Quota Licenses for Imported Capital Equipment: Could Bureaucrats Ever DoBetter than the Market?
AbstractDespite valid criticisms, many developing countries have issued non-transferable import licenses to a limited number of final-good producers so as to restrict imports of an input capital equipment. This paper demonstrates that for a given import quota, such licensing restrictions can actually increase domestic production of both the input and the final product, but at the cost of reduced quota rents. Under pure competition, domestic welfare falls relative to the use of marketable quota licenses, but if foreigners would get the quota rents, or if external economies cause decreasing costs, then bureaucratic allocation can dominate.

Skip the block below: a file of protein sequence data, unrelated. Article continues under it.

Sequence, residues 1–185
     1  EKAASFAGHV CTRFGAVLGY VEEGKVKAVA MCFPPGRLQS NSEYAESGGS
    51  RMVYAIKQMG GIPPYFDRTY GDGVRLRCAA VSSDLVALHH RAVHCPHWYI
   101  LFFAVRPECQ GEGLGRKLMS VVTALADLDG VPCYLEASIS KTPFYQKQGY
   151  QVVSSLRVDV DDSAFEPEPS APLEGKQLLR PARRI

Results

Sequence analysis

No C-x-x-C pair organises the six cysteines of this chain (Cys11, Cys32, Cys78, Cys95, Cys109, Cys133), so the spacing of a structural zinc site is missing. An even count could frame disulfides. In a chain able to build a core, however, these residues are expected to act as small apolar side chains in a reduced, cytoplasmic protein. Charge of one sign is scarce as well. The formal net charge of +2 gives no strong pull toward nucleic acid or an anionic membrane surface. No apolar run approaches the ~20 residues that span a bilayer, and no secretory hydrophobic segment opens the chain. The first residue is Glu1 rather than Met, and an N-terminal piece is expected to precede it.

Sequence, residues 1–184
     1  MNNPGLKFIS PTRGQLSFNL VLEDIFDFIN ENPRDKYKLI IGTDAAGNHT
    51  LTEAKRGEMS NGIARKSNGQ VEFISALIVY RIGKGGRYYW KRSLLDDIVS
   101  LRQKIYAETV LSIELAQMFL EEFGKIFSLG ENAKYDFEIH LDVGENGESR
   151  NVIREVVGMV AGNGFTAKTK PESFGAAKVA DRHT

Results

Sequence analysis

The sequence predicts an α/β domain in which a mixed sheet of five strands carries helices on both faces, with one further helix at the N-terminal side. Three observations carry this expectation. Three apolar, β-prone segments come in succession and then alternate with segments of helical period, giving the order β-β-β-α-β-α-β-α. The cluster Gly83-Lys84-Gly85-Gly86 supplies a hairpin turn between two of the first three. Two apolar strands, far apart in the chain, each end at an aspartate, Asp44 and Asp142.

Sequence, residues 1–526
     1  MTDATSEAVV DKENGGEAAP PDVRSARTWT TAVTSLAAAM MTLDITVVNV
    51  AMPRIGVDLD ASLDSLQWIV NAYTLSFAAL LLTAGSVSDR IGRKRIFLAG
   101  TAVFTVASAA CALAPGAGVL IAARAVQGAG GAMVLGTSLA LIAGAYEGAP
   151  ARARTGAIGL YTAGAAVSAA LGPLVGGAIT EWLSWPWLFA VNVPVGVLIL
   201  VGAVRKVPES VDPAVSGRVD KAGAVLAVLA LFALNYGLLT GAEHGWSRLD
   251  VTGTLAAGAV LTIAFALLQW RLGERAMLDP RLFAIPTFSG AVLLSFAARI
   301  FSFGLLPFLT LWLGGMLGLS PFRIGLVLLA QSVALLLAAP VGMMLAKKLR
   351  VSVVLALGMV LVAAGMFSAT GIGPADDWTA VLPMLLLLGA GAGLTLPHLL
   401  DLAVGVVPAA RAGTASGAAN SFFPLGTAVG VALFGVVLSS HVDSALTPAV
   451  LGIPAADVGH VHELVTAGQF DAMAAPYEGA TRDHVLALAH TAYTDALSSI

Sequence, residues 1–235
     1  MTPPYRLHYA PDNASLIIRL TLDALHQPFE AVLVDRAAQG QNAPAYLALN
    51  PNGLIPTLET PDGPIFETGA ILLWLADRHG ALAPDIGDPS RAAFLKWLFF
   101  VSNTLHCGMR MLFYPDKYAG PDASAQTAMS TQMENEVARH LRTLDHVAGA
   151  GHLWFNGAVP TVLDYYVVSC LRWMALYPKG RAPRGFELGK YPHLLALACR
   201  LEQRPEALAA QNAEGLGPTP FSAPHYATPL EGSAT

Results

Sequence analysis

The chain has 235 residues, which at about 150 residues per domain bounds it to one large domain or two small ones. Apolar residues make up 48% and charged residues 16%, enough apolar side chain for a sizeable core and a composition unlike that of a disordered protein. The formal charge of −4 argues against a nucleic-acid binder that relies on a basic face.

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Bibliographic InfoPaper provided by National Bureau of Economic Research, Inc in its series NBER Working Papers with number 5695.
Date of creation: Aug 1996
Date of revision:
Publication status: published as Journal of International Economics, Vol. 43, nos. 1 & 2 (August 1997): 1-29.
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Postal: National Bureau of Economic Research, 1050 Massachusetts Avenue Cambridge, MA 02138, U.S.A.
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Other versions of this item:
- Spencer, Barbara J., 1997. "Quota licenses for imported capital equipment: Could bureaucrats ever do better than the market?," Journal of International Economics, Elsevier, vol. 43(1-2), pages 1-27, August.
- F13 - International Economics - - Trade - - - Trade Policy; International Trade Organizations
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